10. I've had to replace a few electronic ignitions back to breaker point systems. One just like the unit in picture only a couple of months ago. In engines that the distributor can get hot, the electronics don't hold up. But a breaker point ignition system can withstand the heat much better. Paul
  11. PFitz

    1928 value

    Running and safe is fine, but,..... If the bottom end babbitt needs redoing (most 90+ year old babbitt does), there's a few thousand dollars for rods and mains,.... and there are no off the shielf parts to do that. The engine base has to be sent out to a shop qualified to do babbitt work and align bore the new mains. 28 Franklins have the most complex and expensive wiring systems of any Franklin. And I can guarantee that if it still has the original wiring the insulation is all hardened, cracking, and falling off. It's not a question of if it will have electrical problems, but when. And the lights being apart makes me think the "when" is already here. So all new wiring harnesses and misc wiring supplies (so you don't have an electrical fire) will be close to $1000.00. A new correct type and size carb, that won't damage the engine like many of the replacements in past, is $650.00 + shipping. One of the members found a good NE distributor cap for his Franklin at Hershey last year - $400.00. And as Walt said, about $2000.00 for tires tubes and flaps +shipping. Rebuilding the brake system can run into the hundreds. And you don't even know if the engine will run, much less what condition it's in and what it will need not just to get out the driveway but to stand a good chance of getting you back home. Making a car that old just running and safe can get very expensive. And most of the expensive questions about this car have not been answered yet. Paul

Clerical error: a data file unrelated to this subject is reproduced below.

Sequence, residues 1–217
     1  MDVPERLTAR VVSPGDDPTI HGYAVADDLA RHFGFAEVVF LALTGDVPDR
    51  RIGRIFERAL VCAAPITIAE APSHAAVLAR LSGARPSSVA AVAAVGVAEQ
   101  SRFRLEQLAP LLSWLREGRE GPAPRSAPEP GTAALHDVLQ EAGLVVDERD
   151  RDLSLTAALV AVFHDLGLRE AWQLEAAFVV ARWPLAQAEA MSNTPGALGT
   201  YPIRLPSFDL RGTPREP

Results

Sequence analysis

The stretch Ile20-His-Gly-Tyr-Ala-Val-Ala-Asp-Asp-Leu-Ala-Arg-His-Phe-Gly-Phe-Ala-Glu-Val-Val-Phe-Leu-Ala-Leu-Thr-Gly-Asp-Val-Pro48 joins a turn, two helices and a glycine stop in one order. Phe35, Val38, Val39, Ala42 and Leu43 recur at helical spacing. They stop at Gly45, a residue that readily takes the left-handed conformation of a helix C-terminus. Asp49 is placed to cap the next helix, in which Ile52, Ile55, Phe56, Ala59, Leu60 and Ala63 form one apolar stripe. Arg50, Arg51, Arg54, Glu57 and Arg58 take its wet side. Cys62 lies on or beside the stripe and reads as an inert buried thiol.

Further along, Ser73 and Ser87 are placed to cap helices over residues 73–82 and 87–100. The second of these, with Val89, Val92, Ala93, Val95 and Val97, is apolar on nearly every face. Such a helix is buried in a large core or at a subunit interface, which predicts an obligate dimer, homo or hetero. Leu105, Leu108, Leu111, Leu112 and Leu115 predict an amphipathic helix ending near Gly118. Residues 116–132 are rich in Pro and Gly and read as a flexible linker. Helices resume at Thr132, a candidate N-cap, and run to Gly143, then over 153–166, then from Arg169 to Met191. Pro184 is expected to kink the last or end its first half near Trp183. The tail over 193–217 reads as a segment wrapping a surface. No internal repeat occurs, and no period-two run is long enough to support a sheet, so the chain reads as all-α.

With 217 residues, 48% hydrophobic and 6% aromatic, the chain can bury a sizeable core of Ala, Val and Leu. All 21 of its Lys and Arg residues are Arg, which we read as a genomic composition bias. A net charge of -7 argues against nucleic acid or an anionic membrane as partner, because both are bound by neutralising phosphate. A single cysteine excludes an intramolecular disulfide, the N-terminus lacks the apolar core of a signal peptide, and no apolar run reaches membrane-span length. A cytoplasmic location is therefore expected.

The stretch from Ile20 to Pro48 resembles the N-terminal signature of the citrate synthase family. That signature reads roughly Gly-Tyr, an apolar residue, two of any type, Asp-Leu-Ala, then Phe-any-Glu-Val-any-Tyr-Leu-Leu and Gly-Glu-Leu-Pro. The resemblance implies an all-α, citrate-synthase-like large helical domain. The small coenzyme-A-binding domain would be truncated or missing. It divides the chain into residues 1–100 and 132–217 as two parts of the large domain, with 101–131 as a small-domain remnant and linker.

12. John, That's what many sidedraft motor owners learn to do. But with the thicker than original cover cork gaskets, getting the ends of the cover bails back in the holes can be a challenge ….. that sometimes leads to broken bails. Don't ask how I know,..... Paul
  13. PFitz

    1928 value

    Still a lot of questions before figuring a price. Says it ran three years ago, but not for long with that air shroud off to run the spark plug wires outside the loom. It'll over heat after about 5 minutes of that not having cooling air forced through the cooling fins of the cylinders. Was it over heated and warped pistons or burned valves ? Have you seen it start, run ? Says auto transmission, but I see the original floor shift - what's under the floor boards ? Those cars had a Stromberg T-2 potmetal carb that most by now have developed cracks and leak internally, or fell apart and been replaced - often with the wrong carb. What's the carb and vacuum tank like ? Paul
  14. PFitz

    1928 value

    Ok, I see the engine air shroud on the floor by the wall, but what about the 3 inch high band it sits on that goes between the shroud and the bottom section ?. I see the original wiper motor is still there, just needs a wiper arm that you can get from the Ford Model A repro parts guys. Working or rebuildable is then the question. And the rear seat foot rest. Those often are gone after someone has stepped on and broken the potmetal end brackets. Rear seat vanity is missing. What about the smoker's set on the other side ? Spare tire demountable rim is there, just needs a tire, flap and tube. The tail light bezel and lenses are missing. Paul
  15. PFitz

    1928 value

    Matt, With only one picture to go by it's tough to know. From what I see, add one headlight reflector, the lion mascot on the grill shell, and maybe the wiper motor to the missing parts list ? But, those are not real deal breakers. 28 was one of Franklin's higher production years and with some digging parts can still be found. If you can post more pictures, including the interior and hood open, we can tell you more. Paul